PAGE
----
After the war there were new demands for educational facilities, highways, housing and public utilities like hydro. Between 1920 and 1930 the number of motorized vehicles on Canadian roads tripled from 400,000 to 1.2 million. At first, most of our cars were manufactured and sold by many small Canadian companies. During the 20s, however, most of these companies sold out to the larger, more automated American car manufacturers.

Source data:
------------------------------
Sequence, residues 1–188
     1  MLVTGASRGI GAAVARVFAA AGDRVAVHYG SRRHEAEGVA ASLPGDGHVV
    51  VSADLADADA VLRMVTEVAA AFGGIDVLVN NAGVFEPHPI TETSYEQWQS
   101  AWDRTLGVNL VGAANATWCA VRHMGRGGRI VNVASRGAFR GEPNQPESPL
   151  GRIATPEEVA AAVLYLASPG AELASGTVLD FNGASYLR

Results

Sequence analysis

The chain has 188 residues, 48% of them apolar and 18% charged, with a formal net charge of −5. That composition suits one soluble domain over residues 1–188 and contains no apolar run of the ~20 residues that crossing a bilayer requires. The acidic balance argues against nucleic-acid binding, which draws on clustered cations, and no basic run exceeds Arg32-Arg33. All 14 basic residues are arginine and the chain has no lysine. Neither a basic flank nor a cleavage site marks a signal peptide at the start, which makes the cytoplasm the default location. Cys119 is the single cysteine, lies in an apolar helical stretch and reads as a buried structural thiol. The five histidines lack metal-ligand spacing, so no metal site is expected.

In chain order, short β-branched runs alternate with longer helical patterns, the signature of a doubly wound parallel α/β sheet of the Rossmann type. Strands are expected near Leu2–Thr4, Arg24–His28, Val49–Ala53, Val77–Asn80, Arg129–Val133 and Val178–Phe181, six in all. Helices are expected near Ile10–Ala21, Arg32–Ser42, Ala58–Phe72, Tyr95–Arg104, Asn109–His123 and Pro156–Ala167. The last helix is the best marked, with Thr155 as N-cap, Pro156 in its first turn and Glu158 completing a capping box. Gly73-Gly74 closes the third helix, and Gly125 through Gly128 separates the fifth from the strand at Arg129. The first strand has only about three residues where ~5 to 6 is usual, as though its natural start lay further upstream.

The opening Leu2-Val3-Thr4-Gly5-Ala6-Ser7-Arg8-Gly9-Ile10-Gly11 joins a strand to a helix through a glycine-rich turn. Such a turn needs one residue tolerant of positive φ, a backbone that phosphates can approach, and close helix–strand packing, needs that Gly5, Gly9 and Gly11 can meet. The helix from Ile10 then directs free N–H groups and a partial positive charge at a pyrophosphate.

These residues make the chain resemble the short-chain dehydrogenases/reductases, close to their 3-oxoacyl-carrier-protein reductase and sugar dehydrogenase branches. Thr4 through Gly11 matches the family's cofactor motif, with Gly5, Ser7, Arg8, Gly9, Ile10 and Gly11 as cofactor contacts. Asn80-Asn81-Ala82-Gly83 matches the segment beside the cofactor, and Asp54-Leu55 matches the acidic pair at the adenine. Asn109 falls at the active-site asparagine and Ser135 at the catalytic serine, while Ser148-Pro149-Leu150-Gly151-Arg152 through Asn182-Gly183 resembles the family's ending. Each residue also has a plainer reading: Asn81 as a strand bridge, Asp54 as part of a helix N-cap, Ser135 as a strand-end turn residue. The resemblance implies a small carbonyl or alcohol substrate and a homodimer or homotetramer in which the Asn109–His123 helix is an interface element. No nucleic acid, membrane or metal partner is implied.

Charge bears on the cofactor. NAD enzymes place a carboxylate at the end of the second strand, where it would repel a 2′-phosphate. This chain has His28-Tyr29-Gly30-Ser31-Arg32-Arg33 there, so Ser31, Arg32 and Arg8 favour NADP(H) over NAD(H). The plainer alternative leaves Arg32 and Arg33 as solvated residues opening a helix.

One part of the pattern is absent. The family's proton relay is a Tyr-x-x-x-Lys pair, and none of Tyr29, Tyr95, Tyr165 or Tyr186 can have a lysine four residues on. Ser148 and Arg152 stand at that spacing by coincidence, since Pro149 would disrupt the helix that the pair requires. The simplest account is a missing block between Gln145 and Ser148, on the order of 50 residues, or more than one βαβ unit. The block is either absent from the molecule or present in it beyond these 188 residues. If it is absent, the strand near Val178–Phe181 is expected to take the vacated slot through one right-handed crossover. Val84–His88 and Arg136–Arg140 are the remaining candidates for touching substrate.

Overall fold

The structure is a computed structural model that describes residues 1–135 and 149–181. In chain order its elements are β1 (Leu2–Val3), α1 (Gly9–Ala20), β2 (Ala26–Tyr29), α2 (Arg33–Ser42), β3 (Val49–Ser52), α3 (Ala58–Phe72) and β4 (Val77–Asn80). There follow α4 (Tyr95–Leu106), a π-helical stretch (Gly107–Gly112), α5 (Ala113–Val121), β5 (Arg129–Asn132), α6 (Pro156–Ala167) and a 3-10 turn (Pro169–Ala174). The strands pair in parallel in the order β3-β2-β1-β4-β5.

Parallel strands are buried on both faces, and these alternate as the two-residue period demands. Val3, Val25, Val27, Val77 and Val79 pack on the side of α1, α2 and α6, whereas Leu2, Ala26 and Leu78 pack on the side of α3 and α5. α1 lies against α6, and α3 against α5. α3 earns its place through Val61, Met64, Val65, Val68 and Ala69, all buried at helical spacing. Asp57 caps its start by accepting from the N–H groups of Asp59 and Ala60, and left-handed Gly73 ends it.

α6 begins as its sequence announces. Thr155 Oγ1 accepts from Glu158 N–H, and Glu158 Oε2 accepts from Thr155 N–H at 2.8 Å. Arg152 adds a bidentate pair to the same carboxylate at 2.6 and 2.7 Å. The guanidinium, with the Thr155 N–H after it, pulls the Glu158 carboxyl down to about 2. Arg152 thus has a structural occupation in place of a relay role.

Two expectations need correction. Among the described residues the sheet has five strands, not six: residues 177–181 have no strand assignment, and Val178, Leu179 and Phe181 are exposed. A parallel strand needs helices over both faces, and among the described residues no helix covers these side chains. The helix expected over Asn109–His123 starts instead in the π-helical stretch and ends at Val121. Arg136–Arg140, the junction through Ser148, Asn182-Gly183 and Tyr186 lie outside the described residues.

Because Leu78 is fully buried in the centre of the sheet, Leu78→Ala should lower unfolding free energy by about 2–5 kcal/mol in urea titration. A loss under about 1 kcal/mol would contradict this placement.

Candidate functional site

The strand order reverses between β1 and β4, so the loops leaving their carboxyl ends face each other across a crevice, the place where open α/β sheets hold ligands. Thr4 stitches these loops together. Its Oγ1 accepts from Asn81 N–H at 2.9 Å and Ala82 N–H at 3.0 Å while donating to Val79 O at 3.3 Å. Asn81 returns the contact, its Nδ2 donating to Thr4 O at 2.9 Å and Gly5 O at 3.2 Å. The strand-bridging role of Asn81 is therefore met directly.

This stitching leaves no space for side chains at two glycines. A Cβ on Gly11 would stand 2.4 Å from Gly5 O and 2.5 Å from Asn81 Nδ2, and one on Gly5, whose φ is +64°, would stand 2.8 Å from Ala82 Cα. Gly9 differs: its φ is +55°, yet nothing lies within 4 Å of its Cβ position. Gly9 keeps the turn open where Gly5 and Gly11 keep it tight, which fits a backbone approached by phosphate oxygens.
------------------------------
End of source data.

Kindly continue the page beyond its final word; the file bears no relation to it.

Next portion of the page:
Although new taxes were introduced - on gas, liquor, and cars - the poorer provinces couldn't afford to provide the new services that people wanted and they were willing to give up some of their powers in return for federal subsidy: a grant or contribution of money, especially one made by a government.subsidies. What good was power without the money to exercise it, they thought. Stronger provinces, like Ontario and Quebec, didn't have as much need of federal money and were less happy about Ottawa's new central powers.